Background: Previous studies have found clinical pharmacists (CPs) and clinical pharmacy specialists (CPSs) in direct patient care have positive effects across various patient outcomes. However, there are also other kinds of care-taking occurring in pharmacy-run clinic appointments that produce value for patients. Objective: To identify and characterize how CPs/CPSs in direct care clinics develop and practice care-taking behaviors which advance the pharmacist-patient relationship. Methods: Semi-structured CP/CPS interviews were conducted once per year for two years (46 year 1, 50 year 2) along with direct observations of clinical pharmacy work as part of an anticoagulation improvement intervention. Participants were from Veterans Health Administration (VHA) medical centers and VHA community-based outpatient clinics in the Northeastern U.S. Interviews were transcribed verbatim and thematically analyzed using NVIVO 10 software. Results: It was found that CPs/CPSs practice "knowing the patient" in ways related to, but distinct from this practice in the nursing literature. For CPs/CPSs, knowing the patient occurred over time, and it produced familiarity and trust between CPs/CPs and patients. A reciprocal relationship developed in which patients came to rely on CP/CPSs for other types of assistance. Patterns of knowing the patient and being known by the patient manifested in three distinct ways: 1) identifying the patient's unmet needs, 2) explaining other medications, and 3) helping the patient navigate the system. Conclusion: This research identifies an action, knowing the patient, whereby CPs use their knowledge of the patient to deliver individualized care. This study contributes to the developing literature on pharmacist-patient relationships and pharmacist-patient communication.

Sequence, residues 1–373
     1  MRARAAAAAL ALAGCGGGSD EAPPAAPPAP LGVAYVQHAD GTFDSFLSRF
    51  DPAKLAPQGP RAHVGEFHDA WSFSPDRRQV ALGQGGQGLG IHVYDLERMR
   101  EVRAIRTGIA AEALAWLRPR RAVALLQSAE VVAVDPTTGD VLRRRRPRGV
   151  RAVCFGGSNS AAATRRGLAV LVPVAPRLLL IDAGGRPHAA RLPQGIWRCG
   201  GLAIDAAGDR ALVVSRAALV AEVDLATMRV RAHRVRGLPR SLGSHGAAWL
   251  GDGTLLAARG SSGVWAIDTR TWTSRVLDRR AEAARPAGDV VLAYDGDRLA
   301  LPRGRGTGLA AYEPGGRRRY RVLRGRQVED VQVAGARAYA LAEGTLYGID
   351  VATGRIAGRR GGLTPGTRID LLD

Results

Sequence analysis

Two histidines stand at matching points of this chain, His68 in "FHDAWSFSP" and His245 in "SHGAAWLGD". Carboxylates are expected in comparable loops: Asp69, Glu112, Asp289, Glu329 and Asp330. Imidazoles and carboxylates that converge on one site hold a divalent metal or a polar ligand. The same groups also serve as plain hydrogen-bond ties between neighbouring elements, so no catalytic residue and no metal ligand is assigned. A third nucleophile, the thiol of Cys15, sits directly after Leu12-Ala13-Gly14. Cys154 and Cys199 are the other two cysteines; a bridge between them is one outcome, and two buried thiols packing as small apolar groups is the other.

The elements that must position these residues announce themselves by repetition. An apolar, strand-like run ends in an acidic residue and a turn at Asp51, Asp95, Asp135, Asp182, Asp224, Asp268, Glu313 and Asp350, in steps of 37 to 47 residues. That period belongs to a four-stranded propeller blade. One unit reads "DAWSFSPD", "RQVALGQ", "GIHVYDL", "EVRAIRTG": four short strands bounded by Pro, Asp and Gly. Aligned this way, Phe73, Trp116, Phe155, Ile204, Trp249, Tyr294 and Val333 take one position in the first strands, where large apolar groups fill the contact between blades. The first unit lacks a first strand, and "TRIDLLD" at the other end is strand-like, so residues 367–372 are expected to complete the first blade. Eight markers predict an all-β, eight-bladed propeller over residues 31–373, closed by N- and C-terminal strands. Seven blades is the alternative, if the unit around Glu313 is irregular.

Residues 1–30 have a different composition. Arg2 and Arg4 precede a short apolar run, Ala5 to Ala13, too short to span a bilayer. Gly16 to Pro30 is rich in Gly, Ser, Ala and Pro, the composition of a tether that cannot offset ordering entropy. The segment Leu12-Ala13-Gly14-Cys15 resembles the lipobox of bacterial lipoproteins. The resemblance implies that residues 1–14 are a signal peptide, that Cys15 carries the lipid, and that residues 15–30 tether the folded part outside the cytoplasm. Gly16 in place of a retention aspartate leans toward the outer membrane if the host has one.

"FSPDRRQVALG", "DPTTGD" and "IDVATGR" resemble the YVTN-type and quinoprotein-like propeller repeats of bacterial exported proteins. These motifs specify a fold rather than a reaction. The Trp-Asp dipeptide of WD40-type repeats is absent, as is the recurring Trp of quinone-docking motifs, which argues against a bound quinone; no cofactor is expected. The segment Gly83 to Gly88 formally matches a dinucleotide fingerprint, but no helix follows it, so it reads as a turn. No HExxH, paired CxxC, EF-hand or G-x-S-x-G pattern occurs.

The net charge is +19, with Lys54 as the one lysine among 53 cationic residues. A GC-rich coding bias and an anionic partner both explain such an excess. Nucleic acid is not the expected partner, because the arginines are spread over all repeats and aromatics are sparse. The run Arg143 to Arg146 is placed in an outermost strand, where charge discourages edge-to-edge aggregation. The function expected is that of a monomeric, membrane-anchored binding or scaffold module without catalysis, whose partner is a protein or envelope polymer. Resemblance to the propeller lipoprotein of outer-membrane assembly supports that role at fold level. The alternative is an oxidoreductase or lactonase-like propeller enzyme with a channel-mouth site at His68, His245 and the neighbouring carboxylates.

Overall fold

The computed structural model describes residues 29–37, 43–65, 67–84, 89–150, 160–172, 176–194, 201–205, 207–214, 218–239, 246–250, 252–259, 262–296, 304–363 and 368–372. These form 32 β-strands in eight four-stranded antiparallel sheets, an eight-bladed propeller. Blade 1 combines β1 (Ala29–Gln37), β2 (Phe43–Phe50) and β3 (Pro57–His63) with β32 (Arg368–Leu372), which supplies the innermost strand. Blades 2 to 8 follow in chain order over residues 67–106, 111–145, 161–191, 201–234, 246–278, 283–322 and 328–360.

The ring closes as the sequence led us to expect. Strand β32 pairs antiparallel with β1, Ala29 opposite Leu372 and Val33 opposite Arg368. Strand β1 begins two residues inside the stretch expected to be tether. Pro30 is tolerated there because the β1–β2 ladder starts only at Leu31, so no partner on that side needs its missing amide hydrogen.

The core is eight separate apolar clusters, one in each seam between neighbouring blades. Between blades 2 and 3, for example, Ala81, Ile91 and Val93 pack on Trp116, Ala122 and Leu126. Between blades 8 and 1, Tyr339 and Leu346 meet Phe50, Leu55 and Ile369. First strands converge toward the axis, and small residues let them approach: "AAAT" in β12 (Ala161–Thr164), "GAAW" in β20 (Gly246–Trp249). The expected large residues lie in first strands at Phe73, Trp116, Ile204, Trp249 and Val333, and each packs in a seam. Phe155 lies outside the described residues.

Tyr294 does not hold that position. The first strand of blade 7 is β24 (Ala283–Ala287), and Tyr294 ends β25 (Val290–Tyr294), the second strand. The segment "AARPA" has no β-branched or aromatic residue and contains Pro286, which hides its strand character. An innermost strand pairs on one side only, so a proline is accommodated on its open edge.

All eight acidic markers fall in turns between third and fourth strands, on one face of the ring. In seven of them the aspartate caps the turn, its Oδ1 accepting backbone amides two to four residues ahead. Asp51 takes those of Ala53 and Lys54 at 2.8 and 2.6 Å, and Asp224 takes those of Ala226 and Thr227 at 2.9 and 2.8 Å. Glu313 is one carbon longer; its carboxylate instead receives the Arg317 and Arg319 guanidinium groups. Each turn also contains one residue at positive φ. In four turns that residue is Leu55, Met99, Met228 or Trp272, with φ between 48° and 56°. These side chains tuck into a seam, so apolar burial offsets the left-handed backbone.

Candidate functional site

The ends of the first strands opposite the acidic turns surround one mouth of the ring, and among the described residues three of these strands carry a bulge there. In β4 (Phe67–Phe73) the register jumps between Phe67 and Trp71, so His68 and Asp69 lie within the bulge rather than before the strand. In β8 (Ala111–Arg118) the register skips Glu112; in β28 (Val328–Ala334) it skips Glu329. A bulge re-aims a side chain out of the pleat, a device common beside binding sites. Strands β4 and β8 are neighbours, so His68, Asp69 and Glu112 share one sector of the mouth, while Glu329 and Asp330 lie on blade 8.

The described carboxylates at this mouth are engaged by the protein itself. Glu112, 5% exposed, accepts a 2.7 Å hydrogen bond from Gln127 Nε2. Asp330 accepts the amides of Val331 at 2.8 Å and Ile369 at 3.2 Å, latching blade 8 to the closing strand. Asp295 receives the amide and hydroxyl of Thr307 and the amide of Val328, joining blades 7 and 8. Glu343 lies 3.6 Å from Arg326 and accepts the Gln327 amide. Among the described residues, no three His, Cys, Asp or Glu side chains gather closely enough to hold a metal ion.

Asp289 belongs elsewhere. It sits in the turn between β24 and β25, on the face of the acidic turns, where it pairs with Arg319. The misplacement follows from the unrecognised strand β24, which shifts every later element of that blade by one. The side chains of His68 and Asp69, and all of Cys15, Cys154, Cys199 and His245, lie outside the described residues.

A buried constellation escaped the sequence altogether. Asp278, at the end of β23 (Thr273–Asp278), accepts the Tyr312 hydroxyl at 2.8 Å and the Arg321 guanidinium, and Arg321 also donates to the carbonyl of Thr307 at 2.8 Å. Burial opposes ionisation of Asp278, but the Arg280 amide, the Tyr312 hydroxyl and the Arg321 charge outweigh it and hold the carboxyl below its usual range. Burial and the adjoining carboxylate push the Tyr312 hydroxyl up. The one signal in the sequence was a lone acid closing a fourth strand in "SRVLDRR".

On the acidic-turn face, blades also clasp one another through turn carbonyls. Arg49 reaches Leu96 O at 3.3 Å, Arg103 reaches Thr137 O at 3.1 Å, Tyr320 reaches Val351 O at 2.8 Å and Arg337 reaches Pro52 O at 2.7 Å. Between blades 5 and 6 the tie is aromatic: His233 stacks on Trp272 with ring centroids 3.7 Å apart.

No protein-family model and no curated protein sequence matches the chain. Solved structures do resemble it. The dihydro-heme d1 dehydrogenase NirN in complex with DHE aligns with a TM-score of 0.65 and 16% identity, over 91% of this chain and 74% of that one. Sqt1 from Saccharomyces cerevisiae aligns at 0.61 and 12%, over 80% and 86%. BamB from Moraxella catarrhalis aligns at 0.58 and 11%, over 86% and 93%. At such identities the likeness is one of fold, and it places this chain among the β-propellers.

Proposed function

Bibliographical noteFunding Information:
Many thanks to the clinical pharmacists who have given generously of their time as well as shared with the research team their knowledge of clinical pharmacy care. Laurie Radwin's expert feedback and generosity is also noted and appreciated. The views expressed in this article are those of the authors and do not necessarily reflect the position or policy of the Department of Veterans Affairs or the U.S. government. Funding is from Department of Veterans Affairs , Veterans Health Administration, Office of Research and Development, Health Services Research and Development SDP 12-249 (Rose, PI). Appendix A
© 2016 Published by Elsevier Inc.
- Clinical pharmacy services
- Knowing the patient
- Patient care
- Pharmacist-patient communication
- Pharmacist-patient relationship